Have you ever found yourself mourning the weekend before it’s even over, dreading the work week ahead once Sunday evening rolls around? If so, you’ve probably experienced a case of the “Sunday scaries” — but don’t fret, most people have — especially amid the Covid-19 pandemic.

A recent Linkedin survey found that whopping 66 per cent of people in the United States experience the phenomenon, which can be described as severe stress and anxiety felt specifically on Sunday nights in anticipation of returning to work the next morning. The survey also concluded that the Covid-19 pandemic further aggravated the Sunday night panic, with 41 percent of participants stating that the virus had a direct — and negative — impact on their emotional state the night before returning to the office (or Zoom).

The phenomenon also seems to primarily impact the younger end of the workforce, with 78 per cent of millennials and Gen Z reporting the sensation. That said, it’s not that millennials and zoomers don’t want to work, or need to pursue another profession. Sometimes it just happens.

“The Sunday Scaries are not necessarily a sign that you need to leave your job or change careers,” Catherine Fisher, a LinkedIn Career careers expert, toldFox News.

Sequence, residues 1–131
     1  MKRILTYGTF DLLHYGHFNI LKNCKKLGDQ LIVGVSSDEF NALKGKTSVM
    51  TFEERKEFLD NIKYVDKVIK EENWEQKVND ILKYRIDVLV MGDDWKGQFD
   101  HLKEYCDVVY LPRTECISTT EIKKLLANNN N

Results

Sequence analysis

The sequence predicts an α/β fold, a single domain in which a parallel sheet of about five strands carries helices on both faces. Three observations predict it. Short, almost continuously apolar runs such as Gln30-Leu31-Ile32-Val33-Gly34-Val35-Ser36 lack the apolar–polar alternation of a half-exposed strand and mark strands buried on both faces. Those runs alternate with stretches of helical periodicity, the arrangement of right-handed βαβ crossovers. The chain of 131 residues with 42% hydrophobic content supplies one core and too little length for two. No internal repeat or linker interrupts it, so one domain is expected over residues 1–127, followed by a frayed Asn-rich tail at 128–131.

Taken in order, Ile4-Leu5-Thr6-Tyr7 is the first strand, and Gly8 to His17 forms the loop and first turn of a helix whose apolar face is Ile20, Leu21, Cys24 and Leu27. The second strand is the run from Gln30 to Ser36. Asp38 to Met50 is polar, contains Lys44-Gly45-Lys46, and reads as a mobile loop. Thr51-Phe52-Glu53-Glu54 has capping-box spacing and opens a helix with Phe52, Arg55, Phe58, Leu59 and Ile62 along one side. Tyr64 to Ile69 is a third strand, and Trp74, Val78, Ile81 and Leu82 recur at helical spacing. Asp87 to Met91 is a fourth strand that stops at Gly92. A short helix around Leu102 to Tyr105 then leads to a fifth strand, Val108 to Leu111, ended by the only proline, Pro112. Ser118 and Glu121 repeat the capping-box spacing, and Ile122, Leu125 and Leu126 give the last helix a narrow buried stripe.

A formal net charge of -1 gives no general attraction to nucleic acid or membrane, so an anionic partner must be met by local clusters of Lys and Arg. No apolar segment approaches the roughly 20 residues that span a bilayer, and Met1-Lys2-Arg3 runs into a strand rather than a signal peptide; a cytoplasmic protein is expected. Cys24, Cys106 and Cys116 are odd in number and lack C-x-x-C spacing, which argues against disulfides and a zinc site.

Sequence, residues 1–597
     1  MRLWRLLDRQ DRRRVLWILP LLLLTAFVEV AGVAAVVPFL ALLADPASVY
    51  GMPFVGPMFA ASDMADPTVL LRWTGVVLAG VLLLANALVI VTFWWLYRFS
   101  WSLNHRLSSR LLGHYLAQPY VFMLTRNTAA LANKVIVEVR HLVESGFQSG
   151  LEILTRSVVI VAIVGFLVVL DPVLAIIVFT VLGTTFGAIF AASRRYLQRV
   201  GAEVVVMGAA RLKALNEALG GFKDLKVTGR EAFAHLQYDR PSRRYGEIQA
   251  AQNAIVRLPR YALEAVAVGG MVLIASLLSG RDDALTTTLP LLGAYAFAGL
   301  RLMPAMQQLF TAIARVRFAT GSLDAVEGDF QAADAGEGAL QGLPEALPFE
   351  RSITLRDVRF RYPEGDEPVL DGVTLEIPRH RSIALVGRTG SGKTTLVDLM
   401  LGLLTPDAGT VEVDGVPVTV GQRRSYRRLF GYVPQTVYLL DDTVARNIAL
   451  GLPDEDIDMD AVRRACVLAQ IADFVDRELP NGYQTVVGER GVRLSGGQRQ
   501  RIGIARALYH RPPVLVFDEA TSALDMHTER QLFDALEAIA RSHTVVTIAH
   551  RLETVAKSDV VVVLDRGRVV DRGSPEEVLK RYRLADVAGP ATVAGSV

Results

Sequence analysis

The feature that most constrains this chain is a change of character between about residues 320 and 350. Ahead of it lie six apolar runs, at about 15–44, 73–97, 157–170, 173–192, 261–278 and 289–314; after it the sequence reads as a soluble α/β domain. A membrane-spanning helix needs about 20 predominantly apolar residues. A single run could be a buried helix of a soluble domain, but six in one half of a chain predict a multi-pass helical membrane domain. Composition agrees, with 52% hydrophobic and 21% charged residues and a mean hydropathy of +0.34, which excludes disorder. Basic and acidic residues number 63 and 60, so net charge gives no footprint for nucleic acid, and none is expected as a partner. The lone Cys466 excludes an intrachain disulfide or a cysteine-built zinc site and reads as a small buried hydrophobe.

To help combat the end-of-weekend worry, Fisher suggested implementing a pleasant Sunday night routine to better prepare for the week ahead. “A few things you can do proactively to help you feel excited to get back to work include building an action plan on Sunday night so you can hit the ground running on Monday morning or planning something to look forward to on Monday, like a virtual coffee date with a favorite colleague.”

Lastly, Fisher encouraged employees who are feeling lost or distraught to ask for support. “It’s OK to ask for help,” she reiterated. “Spend some time brainstorming challenges and possible solutions to discuss with your manager, who may be able to help things feel more manageable.”

Similarly, therapist Dr. Courtney Tracy told ABC7that Covid has made it “difficult for Americans to determine what their Mondays are going to be like,” which is likely contributing to the widely felt Sunday sorrow. Like Fisher, Tracy suggested embracing Sunday night relaxation routines, like “meditation, slow journaling, and even perhaps a soothing Sunday playlist.”

“Sunday scaries usually feels like anxiety, restlessness and irritation, so outdoor activities, intentional movement and hanging out with friends can help that as well.”

Please log in or register to upvote this article
The Conversation (0)